Published in 1877, Anne Brontë’s first novel exposes with remarkable realism the hardships and exploitation endured by governesses in Victorian England. In a narrative that drew heavily on her own experience, Brontë’s goal was not to amuse or to entertain but, as Agnes Grey says, to benefit those whom it might concern—governesses themselves, whose numbers were rapidly growing in the late nineteenth century, and the British aristocracy who employed them. Because of the great imbalance in the ratio of women to men in England, with so many men living and working abroad in the far reaches of the British Empire, thousands of women were unable to marry. This problem was compounded by the strong social stigma against women working and the extremely limited professions to which they were admitted. Increasingly, out of desperation, women became governesses, accepting terms that would leave them exhausted, impoverished, and socially outcast. Brontë sought to make their plight visible to the English public and to arouse the kind of compassion that might lead to reform.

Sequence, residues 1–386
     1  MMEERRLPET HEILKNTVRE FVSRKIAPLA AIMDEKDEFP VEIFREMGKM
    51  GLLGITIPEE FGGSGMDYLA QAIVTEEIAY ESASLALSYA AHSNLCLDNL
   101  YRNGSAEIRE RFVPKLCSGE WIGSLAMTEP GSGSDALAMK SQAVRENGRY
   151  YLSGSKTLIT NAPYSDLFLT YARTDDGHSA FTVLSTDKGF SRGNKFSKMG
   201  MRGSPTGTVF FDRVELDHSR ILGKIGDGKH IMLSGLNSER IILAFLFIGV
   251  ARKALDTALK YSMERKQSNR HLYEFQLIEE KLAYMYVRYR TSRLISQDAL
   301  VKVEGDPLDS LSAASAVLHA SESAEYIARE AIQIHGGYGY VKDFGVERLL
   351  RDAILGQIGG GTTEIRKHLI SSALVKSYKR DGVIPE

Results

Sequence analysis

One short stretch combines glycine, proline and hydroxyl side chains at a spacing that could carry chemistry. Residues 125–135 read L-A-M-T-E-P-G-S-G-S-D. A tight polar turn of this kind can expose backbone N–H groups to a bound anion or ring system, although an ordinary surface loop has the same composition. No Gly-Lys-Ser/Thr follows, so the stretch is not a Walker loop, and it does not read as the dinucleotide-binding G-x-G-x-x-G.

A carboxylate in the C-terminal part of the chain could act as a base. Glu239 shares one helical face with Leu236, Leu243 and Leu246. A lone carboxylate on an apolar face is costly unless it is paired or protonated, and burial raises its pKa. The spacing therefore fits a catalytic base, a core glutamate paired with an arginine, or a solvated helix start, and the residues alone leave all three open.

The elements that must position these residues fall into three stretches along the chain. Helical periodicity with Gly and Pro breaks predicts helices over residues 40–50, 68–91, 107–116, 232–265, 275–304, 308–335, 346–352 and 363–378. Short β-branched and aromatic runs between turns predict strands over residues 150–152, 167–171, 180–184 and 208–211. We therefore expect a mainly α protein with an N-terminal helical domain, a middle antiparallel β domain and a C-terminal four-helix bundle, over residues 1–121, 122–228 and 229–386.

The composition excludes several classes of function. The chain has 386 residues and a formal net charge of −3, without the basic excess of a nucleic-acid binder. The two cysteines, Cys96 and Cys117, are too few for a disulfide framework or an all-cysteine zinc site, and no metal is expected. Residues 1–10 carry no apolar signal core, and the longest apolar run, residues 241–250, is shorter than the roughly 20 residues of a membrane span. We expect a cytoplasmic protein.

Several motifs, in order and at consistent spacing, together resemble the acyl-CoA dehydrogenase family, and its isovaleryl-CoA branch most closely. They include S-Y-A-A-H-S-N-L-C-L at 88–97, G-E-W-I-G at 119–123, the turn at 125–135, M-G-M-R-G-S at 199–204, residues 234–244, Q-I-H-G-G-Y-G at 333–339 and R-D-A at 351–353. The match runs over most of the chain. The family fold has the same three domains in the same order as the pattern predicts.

But Agnes Grey is hardly a didactic novel. By rendering the daily life of her protagonist with such vivid detail, and in a tone that is coolly restrained, Brontë lets Agnes Grey’s experience speak for itself. Abused by the children she is enjoined to teach, treated with derisive arrogance by the men and women who employ her, Agnes lives in a world without friends, adrift between the servant and the genteel classes, at home in neither. But it is the cruelty, vanity, and moral emptiness of the upper classes that the novel exposes most unsparingly. In her first position, with the Bloomfield family, young master Tom is shown to be a budding sociopath who delights in torturing helpless animals and is spurred on in this activity by his elders, who either merely condone the behavior or actively applaud it. When Agnes intervenes to spare a nestful of baby birds from Tom’s sadism, Uncle Robson says: “Curse me, if I ever saw a nobler little scoundrel than that. He’s beyond petticoat government already;—by G—, he defies his mother, granny governess, and all! Ha, ha, ha. Never mind, Tom, I’ll get you another brood tomorrow’” (p. 105). In her second place of employment, with the Murrays, Agnes tries and fails to reform young Rosalie, who derives a similar enjoyment from causing pain. The beautiful Miss Murray delights in playing the coquet with her suitors, manipulating their affections for the sole purpose of dashing their hopes and reveling in the suffering she causes them. When not actively cruel, Rosalie is often deeply unfeeling, a woman who regards her servants as “mere automatons” (p. 233). In such a world, a governess is considered only slightly more human than a servant and only slightly more deserving of sympathy than a nestful of baby birds.